Parental leave is a simmering topic for this year’s election, with the Coalition challenging Labor’s current scheme, claiming to offer greater benefit for small businesses and families.
The Coalition stated in a report that their paid parental leave scheme allows businesses to ‘opt-in’ meaning if they don’t wish to pay for their employee’s leave, the Government will do so for them. Either way, payment is based on the mother’s annual wage or the federal minimum wage if it is higher.
“Our scheme will benefit small business because it will make it easier for them to retain capable female staff,” the release stated. The tests and conditions of this – if any – were not mentioned.
The scheme will allow for up to 26 weeks of maternity leave, compared to the existing Paid Parental Leave (PPL) Scheme of 18 weeks.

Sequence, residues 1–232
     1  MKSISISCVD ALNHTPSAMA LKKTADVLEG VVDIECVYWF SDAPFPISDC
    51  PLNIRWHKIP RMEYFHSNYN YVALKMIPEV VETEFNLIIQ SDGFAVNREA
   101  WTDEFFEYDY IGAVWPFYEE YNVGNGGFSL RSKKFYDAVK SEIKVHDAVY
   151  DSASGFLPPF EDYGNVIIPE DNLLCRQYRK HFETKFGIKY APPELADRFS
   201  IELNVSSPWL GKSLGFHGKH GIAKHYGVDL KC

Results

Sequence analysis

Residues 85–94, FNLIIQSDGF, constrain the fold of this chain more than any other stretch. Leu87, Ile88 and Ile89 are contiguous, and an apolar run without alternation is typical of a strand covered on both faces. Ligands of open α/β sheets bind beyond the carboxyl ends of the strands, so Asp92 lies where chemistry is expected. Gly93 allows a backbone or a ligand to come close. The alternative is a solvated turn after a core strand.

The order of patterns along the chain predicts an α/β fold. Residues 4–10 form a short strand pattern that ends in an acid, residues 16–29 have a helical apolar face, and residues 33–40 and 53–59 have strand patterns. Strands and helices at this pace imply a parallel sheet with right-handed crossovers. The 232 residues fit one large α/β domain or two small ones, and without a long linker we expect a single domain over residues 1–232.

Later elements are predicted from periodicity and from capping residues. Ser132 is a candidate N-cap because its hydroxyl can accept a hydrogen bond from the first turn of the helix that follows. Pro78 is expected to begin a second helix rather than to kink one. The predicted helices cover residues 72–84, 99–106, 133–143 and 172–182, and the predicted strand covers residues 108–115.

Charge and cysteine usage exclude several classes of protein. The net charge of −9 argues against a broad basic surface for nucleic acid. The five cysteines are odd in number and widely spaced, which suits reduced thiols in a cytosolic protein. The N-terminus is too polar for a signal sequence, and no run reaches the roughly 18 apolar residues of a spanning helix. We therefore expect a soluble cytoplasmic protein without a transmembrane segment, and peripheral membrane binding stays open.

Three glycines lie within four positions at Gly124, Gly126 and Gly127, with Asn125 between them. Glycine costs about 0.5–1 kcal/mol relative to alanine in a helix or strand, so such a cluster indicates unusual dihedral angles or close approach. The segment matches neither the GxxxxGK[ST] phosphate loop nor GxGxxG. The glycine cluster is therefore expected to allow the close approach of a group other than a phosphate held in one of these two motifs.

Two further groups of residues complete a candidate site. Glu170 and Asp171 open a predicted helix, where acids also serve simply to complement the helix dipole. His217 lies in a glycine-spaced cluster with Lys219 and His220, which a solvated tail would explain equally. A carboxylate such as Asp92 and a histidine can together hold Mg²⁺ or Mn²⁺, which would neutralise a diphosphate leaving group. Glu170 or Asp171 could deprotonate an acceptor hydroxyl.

The National Foundation for Australian Women (NFAW) compared the schemes last month, and found the current PPL Scheme allows for parental leave to be payable in addition to other entitlements that fall under laws and industrial instruments, while The Coalition remains silent on the topic.
The Coalition’s PPL scheme will be paid by a 1.5% levy on businesses with taxable incomes in excess of $5m pa.
In an article from The Sydney Morning Herald, Anne Summers criticised The Coalition’s scheme as a “baby bonus in disguise”.
Summers believes the emphasis on this leave avoids the real issue of childcare, nullifying the incentive for a mother to return to work. “The availability and cost of suitable childcare is a continuing parental nightmare and for many families is the tipping point for deciding whether or not a mother returns to work,” she said.
While some elements remain the same or lack further detail from the Coalition, they have been clear on a number of changes:
(To read a summary of the current PPL Scheme, click here)
Payment will be the greater of federal minimum wage or individual’s annual wage (up to $150,000).
Up to 26 weeks of leave as opposed to current 18 weeks.
Funded by a 1.5% levy on organisations with a taxable income greater than $5m pa.
Superannuation is included.